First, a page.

So change has already come to North Woodside. We are at the center (okay, technically bottom center) of a growing, affluent county bursting with new folks bringing innovation and eagerness to succeed right to our doorstep. But this boon is creating a big problem — lack of housing. It is one of the reasons our houses have increased so rapidly in value. Everyone wants to live in North Woodside. (And why wouldn’t they? It’s lovely, and close to shopping, good schools, and transportation.)
According to a recent Washington Post article, “(t)he supply shortage has grown so severe across the D.C. area that, in 2019, the Metropolitan Washington Council of Governments issued a sweeping call for local leaders to aggressively ramp up housing production. The association advised governments to approve a total of 320,000 homes by 2030, with a focus on affordably priced housing near jobs and transit.”
So Montgomery County has decided to embrace this population growth — it’s already proved to be a boon to our area, economically and culturally — and even plan for it. Because without a plan growth can cause problems, of course. It can strain services, increase commute times, worsen environmental conditions, and exacerbate inequality.
The plan, created by our Montgomery County Planning Board, is called Thrive Montgomery 2050 (Thrive). Maybe you’ve heard of it? It’s a 30-year blueprint for population growth in our county that also addresses environmental and climate concerns, transportation, open-land preservation, quality-of-life issues like walkability and public art, and the pressing need for racial equity and social justice. If you’re not familiar with it, check out the Thrive section on the montgomeryplanning.org website.
I was delighted to be part of the team of NWCA Board members that brought together lots of folks with different perspectives to discuss the housing and zoning aspects of Thrive, and what changes it might bring to our corner of the county, at a neighborhood forum back in March. After planners from the Planning Board presented a quick outline of Thrive, North Woodside residents asked excellent questions of the six panel members representing all sides of the issue.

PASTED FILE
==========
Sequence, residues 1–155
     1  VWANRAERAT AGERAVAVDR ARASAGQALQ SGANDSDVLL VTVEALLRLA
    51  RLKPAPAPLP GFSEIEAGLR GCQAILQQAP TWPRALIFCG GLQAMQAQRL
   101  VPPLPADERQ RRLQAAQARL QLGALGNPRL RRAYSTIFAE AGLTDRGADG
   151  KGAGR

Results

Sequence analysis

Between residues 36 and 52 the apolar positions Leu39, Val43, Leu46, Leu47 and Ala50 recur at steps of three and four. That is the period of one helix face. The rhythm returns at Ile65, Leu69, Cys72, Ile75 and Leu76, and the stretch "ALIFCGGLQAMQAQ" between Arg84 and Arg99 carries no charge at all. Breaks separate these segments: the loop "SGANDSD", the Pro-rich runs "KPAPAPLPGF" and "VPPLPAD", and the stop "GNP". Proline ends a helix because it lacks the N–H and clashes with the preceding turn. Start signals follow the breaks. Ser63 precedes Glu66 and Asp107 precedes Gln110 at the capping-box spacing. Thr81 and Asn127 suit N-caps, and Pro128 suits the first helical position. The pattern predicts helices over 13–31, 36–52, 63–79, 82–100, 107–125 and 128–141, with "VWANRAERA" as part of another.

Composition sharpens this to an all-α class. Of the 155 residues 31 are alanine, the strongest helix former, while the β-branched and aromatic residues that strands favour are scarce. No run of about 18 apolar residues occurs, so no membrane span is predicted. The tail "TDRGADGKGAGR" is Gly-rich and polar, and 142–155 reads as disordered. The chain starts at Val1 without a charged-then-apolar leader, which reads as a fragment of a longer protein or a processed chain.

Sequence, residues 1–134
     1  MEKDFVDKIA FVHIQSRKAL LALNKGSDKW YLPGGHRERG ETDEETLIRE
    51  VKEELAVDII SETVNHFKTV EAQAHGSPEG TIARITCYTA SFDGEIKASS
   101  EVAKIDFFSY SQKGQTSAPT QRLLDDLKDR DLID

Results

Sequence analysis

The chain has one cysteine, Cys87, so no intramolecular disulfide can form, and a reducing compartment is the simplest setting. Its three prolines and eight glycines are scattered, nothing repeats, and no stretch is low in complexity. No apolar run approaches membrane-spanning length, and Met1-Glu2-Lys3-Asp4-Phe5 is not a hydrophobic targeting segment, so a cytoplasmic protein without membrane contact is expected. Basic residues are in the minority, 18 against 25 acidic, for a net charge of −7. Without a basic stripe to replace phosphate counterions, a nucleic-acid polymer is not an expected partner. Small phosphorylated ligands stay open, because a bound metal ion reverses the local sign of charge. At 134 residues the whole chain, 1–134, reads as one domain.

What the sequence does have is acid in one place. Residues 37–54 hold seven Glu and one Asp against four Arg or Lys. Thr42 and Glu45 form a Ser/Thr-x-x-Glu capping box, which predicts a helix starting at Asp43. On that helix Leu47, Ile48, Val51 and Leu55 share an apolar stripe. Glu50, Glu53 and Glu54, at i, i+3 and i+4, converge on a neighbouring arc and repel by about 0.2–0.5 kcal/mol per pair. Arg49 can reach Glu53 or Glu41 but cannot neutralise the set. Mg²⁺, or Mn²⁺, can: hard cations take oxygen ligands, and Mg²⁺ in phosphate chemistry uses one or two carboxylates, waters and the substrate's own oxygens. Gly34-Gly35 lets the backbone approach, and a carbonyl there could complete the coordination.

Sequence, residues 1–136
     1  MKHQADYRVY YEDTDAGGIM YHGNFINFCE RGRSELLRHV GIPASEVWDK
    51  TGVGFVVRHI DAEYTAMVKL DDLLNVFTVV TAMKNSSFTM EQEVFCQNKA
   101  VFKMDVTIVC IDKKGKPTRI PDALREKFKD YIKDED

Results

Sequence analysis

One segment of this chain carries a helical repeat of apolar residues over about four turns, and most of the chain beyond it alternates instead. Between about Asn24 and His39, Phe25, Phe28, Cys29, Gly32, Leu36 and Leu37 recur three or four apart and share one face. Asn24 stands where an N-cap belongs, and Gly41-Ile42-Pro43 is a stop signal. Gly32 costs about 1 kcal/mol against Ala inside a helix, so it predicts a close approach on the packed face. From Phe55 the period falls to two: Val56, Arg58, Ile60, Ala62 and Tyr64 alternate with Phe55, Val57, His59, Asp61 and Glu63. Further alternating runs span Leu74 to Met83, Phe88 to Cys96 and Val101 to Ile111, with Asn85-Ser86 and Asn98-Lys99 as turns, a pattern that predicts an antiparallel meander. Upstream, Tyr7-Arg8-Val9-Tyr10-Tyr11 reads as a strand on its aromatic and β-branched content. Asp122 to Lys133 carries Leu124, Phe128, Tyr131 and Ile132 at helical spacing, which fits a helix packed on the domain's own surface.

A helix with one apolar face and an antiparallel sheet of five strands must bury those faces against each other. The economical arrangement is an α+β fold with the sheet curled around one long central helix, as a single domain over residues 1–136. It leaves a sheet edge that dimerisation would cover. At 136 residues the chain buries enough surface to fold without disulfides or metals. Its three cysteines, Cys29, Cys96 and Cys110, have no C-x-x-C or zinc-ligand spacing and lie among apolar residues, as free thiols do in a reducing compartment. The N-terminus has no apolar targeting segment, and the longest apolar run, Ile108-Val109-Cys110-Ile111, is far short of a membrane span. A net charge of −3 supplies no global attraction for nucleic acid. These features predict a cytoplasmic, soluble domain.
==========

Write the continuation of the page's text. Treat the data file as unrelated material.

I was even more delighted that the neighborhood survey on Thrive, sponsored by the NWCA Board, garnered a record-breaking response, with 111 neighbors representing 99 households participating (a nearly 40% increase in individual participation — and at least 25% by household — compared to the last survey we conducted in Fall 2019). The results of the survey, which are available on our website, showed that a majority of the neighbors who took the survey support the way the county proposes to plan for the future.
Thrive Montgomery 2050 is still under review, and won’t be voted on by the County Council for a few more months (so there’s still time to make your voice heard!), but even before a plan is put in place, I’m grateful to live in a county that is committed to creating a green, just, and inclusive way to deal with a future of growth and change. It makes thinking about the coming changes easier for me, including the addition of much-needed housing to our area. I hope it does for you, too.
The above letter ran in the Spring 2022 issue of the Beacon.
Under the inspired leadership of Bertie LoPiccolo, neighbors and friends gathered on an unseasonably beautiful President’s Day to help Julie Savage and Keith Carlson lay a mosaic path leading to their newly built backyard ADU (accessory dwelling unit).
“I dreamed of building a healing, welcoming ADU space for my small therapy practice and imagined a whimsical, joyful path leading up to it — a piece of community artwork that would bring people together. Bertie caught the vision and made it happen, with the added expertise of Suz Podrasky and many first-time mosaic artists.
In the days leading up to pouring the concrete, I gathered small mosaic creations from anyone who had any inclination to contribute. (Thank you to so many in the neighborhood!) The finished path is a magical collection of birds, bugs, trees, words, a cicada, rainbow, sun, moon, small house, and so much more.
Feel free to come to 1914 Grace Church Rd. and check it out anytime. In challenging times, I hope it will be a reminder of all the good that is possible when we come together in new and beautiful ways.”